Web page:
On my second lap I confirmed what I had suspected. If you drive the Ring like it's a challenging road that you've never encountered before, you can have lots of fun while still being safe. Sure, it'd definitely be a blast at 90 mph, but you can still have a great Ring experience at 60. On this lap I managed to pass a few people, and was passed a few times by more serious drivers. But for the most part, I had the track to myself. One of the most important things to remember on the Ring is to always be checking your mirrors for faster traffic approaching. If you remember this, and also to not be an idiot, you should be pretty much okay.

Those websites will also tell you not to time yourself, and this is excellent advice. Most drivers who wind up as paint spatters on a Ring guardrail are found to have running timers inside their cars. It'll turn you into a moron. But I couldn't resist at least getting a ballpark number, knowing that I wouldn't be pushing myself much. And the proof is in the pudding. I reset the trip timer in the car just before the lap, and I came off with roughly a 13-minute run. At 14.173 miles, I was averaging around 65 mph. Which was really plenty.

I exited the second lap with a huge grin and a pounding heart. I pulled off to let the car cool down and to rest up for my next attempt. I struck up a conversation with some Britons, driving a Seat and an Audi S3, to compare notes. Finally I felt it was time to get back out there. I pulled up to the gate, only to be told that the track was closed for the night. The inevitable had happened: someone had crashed.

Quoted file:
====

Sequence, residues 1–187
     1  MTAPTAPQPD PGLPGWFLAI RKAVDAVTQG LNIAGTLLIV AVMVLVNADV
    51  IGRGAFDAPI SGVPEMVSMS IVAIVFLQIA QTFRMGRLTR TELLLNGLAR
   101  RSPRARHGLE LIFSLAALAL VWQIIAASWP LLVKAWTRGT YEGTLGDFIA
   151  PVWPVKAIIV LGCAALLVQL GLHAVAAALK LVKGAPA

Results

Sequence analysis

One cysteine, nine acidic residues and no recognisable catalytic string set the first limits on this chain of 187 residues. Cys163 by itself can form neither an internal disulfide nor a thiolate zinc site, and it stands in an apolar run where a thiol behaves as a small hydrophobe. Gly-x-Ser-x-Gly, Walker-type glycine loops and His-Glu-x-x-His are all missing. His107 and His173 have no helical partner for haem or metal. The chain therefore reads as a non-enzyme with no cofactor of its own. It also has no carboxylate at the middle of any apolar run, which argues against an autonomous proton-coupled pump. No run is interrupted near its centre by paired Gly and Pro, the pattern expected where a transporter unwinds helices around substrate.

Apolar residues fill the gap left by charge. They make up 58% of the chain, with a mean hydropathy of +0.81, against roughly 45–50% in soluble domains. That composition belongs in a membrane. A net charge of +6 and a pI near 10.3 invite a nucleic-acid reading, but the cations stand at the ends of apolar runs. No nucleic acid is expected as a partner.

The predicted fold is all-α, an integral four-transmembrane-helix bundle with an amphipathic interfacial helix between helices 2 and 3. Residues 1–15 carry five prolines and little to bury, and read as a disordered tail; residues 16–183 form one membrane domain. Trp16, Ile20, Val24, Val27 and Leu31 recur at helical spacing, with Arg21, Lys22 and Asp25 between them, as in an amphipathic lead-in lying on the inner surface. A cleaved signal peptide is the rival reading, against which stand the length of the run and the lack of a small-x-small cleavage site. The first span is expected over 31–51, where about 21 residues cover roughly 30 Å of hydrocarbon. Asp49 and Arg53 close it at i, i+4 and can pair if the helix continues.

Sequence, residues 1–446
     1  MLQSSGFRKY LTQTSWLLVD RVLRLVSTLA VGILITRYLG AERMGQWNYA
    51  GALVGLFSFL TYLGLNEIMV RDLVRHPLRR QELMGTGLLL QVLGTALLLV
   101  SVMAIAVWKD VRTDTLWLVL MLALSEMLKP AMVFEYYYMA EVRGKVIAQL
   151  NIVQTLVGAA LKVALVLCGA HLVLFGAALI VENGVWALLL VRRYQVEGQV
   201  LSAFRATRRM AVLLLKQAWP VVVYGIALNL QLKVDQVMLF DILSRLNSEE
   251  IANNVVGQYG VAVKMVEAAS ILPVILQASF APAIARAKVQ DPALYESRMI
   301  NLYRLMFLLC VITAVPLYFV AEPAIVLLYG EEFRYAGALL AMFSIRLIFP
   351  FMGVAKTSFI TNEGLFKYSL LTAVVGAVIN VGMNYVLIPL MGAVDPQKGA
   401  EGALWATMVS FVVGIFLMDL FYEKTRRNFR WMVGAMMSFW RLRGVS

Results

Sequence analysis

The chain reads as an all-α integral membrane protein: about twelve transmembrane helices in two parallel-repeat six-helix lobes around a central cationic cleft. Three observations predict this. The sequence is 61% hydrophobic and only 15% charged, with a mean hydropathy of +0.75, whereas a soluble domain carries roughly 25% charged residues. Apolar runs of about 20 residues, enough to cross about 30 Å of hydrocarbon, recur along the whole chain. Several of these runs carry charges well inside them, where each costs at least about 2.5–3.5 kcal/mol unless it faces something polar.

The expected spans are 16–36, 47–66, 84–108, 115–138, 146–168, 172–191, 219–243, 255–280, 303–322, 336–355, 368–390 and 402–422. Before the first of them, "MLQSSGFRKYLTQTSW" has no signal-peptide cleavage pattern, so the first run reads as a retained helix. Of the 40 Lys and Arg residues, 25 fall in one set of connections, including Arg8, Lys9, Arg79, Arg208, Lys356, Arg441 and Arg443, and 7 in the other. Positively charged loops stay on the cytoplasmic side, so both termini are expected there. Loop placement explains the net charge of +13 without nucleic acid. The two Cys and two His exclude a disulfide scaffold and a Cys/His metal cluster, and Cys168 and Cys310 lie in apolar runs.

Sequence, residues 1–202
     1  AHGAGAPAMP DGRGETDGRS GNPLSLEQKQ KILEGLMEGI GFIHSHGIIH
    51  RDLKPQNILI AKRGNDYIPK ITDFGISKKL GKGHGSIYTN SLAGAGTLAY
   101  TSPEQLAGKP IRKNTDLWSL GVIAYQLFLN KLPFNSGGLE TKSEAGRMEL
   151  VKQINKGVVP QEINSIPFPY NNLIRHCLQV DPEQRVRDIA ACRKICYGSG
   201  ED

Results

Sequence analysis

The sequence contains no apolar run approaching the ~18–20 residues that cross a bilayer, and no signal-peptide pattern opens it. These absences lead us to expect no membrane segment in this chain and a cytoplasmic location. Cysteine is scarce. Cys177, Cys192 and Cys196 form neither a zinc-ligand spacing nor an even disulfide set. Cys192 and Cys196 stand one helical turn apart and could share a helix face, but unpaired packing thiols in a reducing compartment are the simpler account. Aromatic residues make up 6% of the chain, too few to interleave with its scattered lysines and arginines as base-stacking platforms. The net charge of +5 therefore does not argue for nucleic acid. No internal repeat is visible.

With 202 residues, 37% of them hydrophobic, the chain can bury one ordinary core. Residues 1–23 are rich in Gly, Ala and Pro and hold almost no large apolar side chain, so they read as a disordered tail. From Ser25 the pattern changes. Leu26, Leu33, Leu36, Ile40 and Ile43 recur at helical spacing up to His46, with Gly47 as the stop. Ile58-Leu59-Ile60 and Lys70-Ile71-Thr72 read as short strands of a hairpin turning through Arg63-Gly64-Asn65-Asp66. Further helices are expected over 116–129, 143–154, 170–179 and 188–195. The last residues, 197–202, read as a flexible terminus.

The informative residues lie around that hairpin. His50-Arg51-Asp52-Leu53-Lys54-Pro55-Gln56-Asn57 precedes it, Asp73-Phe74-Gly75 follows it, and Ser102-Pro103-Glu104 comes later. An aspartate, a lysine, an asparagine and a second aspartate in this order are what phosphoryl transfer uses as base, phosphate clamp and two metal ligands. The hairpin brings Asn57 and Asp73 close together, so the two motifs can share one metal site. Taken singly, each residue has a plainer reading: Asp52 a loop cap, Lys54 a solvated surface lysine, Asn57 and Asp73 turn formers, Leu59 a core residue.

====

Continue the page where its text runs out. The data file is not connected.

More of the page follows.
While deeply disappointed, I viewed this as a mixed blessing. I'd had a fairly quick lap (for my comfort level), and who knows, the next go round it could've been me who closed the track for the night. At the Ring, if you crash things can get very expensive, assuming you walk away from it.

Instead, my day ended with a burger at the Devil's Diner. I intended to drive straight from the Ring to Wolfsburg, where VW is located, but underestimated the size of the country. Germany, while only half the size of Texas, is in fact half the size of Texas! It would have been a 4.5 hour drive, and that doesn't even count the great road that I'd read about which I'd wanted to drive. Instead, I was forced to stop over in Cologne for the night, which happened to have one room left in the youth hostel where I wound up. Wolfsburg would have to wait another day.

Sunday, December 20, 2009

What is a sports car?